Adkins: How Good is this Defense?

Lane Adkins asks the questions no one else is asking about the Cleveland Browns defense. It's been assumed that the team's solid league ranking indicates improvement. But is this for real, or are the unit's deficiencies about to be exposed?

The Browns and some in the media have painted a sunny picture about the Cleveland defense. The Browns 10th-ranked defense has come as a bright surprise during a season that has been grim to date, but the story behind the ranking is a bit cloudier. This Browns defense still struggles against the run, although it's improved over a season ago.

Aside from the season opener, weather conditions, player inexperience and inconsistency has contributed to slow down opposing offenses:

  • Game one vs Dallas - The weather was perfect, but the Cleveland offense and defense certainly wasn't. The Cowboys offense was precise and physical - overpowering the Browns defensive line consistently. With the Dallas offensive line commanding the game, the Browns pass rush was stymied - which led to the Cowboys unleashing their dominating passing game. The Cowboys also ran the ball very effectively.
  • Game two vs. Pittsburgh - Rain and gusting winds slowed the passing game to a crawl. The Steelers passing game was quiet - and so was Cleveland's. Pittsburgh ran the ball efficiently - which was enough against a Cleveland offense that could not execute. The Cleveland defense was unable to consistently create pressure despite facing a questionable offensive line that has been mediocre through four games of the season. Despite the injury issues the Browns were facing, this was a very winnable game - if not for the mental errors and consistent execution issues on the offensive side of the ball.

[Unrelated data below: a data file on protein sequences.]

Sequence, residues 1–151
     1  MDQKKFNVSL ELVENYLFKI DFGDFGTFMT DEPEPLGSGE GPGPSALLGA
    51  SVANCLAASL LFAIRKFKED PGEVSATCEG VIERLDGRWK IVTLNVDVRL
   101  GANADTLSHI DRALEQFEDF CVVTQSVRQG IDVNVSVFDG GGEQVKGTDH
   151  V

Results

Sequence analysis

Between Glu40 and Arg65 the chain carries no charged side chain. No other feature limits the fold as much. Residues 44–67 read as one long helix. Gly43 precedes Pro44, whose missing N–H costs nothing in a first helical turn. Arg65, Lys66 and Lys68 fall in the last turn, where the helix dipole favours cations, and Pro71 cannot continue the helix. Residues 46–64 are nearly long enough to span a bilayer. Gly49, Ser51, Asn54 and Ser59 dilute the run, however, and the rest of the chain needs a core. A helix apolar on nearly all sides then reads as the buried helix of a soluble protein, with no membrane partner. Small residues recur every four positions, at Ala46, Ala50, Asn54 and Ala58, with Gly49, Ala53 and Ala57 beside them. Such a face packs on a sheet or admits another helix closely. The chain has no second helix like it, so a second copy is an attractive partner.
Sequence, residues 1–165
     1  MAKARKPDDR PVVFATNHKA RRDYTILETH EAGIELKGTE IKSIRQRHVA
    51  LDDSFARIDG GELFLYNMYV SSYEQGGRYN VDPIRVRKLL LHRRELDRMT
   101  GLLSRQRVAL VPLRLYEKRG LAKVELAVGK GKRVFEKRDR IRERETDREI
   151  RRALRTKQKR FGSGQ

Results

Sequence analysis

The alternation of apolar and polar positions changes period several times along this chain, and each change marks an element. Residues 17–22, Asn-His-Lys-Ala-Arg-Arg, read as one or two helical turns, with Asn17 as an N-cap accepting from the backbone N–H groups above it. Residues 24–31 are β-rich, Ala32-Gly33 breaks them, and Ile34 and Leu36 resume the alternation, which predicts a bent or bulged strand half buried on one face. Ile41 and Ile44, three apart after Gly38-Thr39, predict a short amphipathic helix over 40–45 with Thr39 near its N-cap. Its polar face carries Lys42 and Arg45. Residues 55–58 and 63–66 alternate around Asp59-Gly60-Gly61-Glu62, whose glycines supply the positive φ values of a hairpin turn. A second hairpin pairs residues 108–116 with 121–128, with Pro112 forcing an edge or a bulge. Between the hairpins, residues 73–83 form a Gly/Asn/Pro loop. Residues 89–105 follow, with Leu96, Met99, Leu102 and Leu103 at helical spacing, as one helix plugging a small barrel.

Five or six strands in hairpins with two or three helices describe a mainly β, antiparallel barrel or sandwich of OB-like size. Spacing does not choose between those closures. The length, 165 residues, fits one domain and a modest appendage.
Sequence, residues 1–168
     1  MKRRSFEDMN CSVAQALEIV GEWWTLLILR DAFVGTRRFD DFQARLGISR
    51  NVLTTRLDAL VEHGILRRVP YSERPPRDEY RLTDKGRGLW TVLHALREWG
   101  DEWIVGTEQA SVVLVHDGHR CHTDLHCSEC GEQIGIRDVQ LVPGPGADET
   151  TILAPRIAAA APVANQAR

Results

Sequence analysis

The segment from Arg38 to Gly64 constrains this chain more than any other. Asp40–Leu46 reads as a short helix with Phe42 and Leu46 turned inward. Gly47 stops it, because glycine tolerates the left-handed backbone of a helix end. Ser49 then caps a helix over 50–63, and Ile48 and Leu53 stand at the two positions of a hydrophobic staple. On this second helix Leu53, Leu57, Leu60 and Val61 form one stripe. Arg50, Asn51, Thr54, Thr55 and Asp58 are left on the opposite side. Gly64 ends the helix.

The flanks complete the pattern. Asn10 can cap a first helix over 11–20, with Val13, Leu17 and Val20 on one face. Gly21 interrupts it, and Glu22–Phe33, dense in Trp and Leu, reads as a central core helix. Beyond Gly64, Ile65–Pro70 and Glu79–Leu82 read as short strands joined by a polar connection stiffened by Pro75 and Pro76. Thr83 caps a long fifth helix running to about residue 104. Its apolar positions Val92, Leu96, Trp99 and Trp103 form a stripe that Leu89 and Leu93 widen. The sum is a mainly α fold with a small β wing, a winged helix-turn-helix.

• Game three vs. Baltimore - A rookie QB and an unheralded offensive line took it to the Browns on this day. Play-action by the rookie and physical play along the line stymied a Browns defensive scheme that wanted to pressure the rookie QB into making mistakes. The rookie threw two INT's, but the Browns couldn't capitalize on the mistakes and a spotty Ravens passing attack - while the physical play of the Baltimore offensive line jump-started the running attack. Again, the Cleveland couldn't stop the run when necessary, while displaying the inability to pressure the Ravens offensive tackles. Otherwise this season, the offensive line has been an area of concern for the Ravens.
  • Game four vs. Cincinnati - The Bengals have talent on both sides of the ball, but continue to be a breeding ground for simple, unquestionable inadequacy. With starting QB Carson Palmer sitting out, the Bengals were an opponent misfiring from the onset. The Browns defense pressured the Bengals backup QB and offense consistently - but the Browns were in dire straits, losing to the lowly Bengals in the third quarter. The Bengals have not been nearly as bad as many would like to believe and have been competitive in most cases.